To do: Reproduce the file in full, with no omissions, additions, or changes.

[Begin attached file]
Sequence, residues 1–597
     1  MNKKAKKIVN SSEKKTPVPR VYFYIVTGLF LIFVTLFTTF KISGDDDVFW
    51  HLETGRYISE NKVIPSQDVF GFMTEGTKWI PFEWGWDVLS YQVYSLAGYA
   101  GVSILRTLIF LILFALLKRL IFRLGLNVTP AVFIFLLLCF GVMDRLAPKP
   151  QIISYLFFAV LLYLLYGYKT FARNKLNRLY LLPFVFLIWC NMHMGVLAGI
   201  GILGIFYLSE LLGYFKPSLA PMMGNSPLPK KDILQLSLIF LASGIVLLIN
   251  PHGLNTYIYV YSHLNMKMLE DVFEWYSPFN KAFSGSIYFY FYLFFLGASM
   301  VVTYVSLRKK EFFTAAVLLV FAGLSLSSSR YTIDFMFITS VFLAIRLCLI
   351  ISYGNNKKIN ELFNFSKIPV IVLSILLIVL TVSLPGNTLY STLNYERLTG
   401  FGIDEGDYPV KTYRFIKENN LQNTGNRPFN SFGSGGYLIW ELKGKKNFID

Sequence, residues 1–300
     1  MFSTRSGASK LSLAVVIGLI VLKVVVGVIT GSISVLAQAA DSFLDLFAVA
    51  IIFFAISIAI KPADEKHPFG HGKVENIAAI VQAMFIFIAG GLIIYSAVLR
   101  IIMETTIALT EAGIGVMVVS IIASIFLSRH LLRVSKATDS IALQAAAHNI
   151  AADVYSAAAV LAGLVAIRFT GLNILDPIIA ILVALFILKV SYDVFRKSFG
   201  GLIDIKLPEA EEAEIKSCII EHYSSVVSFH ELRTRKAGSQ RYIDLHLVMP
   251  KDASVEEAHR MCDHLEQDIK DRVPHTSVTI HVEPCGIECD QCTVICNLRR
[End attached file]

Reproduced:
Sequence, residues 1–597
     1  MNKKAKKIVN SSEKKTPVPR VYFYIVTGLF LIFVTLFTTF KISGDDDVFW
    51  HLETGRYISE NKVIPSQDVF GFMTEGTKWI PFEWGWDVLS YQVYSLAGYA
   101  GVSILRTLIF LILFALLKRL IFRLGLNVTP AVFIFLLLCF GVMDRLAPKP
   151  QIISYLFFAV LLYLLYGYKT FARNKLNRLY LLPFVFLIWC NMHMGVLAGI
   201  GILGIFYLSE LLGYFKPSLA PMMGNSPLPK KDILQLSLIF LASGIVLLIN
   251  PHGLNTYIYV YSHLNMKMLE DVFEWYSPFN KAFSGSIYFY FYLFFLGASM
   301  VVTYVSLRKK EFFTAAVLLV FAGLSLSSSR YTIDFMFITS VFLAIRLCLI
   351  ISYGNNKKIN ELFNFSKIPV IVLSILLIVL TVSLPGNTLY STLNYERLTG
   401  FGIDEGDYPV KTYRFIKENN LQNTGNRPFN SFGSGGYLIW ELKGKKNFID

Sequence, residues 1–300
     1  MFSTRSGASK LSLAVVIGLI VLKVVVGVIT GSISVLAQAA DSFLDLFAVA
    51  IIFFAISIAI KPADEKHPFG HGKVENIAAI VQAMFIFIAG GLIIYSAVLR
   101  IIMETTIALT EAGIGVMVVS IIASIFLSRH LLRVSKATDS IALQAAAHNI
   151  AADVYSAAAV LAGLVAIRFT GLNILDPIIA ILVALFILKV SYDVFRKSFG
   201  GLIDIKLPEA EEAEIKSCII EHYSSVVSFH ELRTRKAGSQ RYIDLHLVMP
   251  KDASVEEAHR MCDHLEQDIK DRVPHTSVTI HVEPCGIECD QCTVICNLRR